Stop worrying about:  Appearing jealous, insecure or that you lack trust in him.  Because look where being so “nice” got you.  If you have feelings about something or someone, share them with him and don’t worry how it sounds or seems.  Be real.  Let me say something – being insecure sometimes is a normal, human thing to be and everyone is!  Most people hide it.  But you will gain strength if you share it.

You should lack trust in him at the moment because he inadvertently betrayed your trust.  I believe he innocently was trying to help both of these women.  But his priorities are screwed up a little, as well as his boundaries.

Here is how you should put it:  He needs to focus his niceness on YOU.  He needs to protect you from harm from other women – outsiders – by putting a stop to them contacting him or trying to get his advice, help, money, whatever.  (FB girl – entirely inappropriate).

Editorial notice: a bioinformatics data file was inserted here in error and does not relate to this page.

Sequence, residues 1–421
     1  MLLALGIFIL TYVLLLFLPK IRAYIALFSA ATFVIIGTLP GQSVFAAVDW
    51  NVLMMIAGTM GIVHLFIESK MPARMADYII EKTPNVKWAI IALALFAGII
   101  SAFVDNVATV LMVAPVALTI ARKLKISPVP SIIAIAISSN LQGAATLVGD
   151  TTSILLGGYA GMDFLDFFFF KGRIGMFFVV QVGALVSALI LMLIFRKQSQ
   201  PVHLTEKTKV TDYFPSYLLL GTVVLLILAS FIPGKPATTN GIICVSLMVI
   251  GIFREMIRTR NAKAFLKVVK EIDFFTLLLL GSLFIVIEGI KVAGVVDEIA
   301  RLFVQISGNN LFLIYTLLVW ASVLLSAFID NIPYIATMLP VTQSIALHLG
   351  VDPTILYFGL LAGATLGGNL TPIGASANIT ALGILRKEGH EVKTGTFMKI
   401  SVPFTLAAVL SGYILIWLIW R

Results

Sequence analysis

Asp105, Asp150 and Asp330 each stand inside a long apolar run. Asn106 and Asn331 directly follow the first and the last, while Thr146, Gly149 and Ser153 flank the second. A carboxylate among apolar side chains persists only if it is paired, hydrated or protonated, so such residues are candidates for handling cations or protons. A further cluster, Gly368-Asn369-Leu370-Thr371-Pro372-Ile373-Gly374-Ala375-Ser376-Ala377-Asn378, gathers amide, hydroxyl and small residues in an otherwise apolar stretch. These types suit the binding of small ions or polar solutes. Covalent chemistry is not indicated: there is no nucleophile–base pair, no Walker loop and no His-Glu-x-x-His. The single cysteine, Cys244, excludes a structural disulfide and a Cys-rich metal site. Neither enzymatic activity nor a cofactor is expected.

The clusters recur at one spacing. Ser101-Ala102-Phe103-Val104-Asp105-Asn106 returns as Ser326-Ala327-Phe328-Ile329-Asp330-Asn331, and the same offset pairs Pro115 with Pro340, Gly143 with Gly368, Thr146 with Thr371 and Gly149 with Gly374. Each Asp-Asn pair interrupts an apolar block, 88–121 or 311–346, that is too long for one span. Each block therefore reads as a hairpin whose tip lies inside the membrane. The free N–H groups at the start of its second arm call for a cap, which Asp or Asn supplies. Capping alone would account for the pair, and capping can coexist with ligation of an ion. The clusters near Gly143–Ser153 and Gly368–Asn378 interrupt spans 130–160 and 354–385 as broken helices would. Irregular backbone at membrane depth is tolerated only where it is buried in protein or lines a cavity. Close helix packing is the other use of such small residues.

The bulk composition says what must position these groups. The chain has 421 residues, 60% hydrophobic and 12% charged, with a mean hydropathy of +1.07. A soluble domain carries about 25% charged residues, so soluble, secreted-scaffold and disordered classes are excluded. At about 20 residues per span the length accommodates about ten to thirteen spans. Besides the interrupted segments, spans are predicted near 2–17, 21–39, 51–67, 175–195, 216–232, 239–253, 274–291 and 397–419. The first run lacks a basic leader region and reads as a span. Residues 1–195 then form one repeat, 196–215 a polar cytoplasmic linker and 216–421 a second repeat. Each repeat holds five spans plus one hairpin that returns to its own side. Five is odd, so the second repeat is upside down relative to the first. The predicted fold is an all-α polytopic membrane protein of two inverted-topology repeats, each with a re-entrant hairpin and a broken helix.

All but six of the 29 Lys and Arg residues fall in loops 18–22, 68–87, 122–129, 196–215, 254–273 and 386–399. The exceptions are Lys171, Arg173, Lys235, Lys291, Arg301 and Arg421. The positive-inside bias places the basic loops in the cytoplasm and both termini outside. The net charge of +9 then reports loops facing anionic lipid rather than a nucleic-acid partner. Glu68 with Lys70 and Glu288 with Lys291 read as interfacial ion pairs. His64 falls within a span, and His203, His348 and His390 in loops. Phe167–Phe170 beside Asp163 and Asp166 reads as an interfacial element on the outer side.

You need to stop being overly nice and thinking you need to help him get through this.  You did nothing wrong, besides snoop.  And in this case I believe your intuition that something fishy was going on is what drove you to snoop.  So, forgive yourself for that in this one case. 

If you can see that he did not cheat on you (he didn’t) but his judgment was messed up (I believe him about that) it will make forgiving him easier. 

But you need to stop being Miss Fix-It and Miss Niceness and be firm about your expectations of your future HUSBAND.  Lay down clear and firm expectations so that this never happens again.

Ask him to please never do anything that he would not do in front of your face. 

And ask him to also never do anything that he would not be completely and 100% cool with your doing the exact same thing he is doing.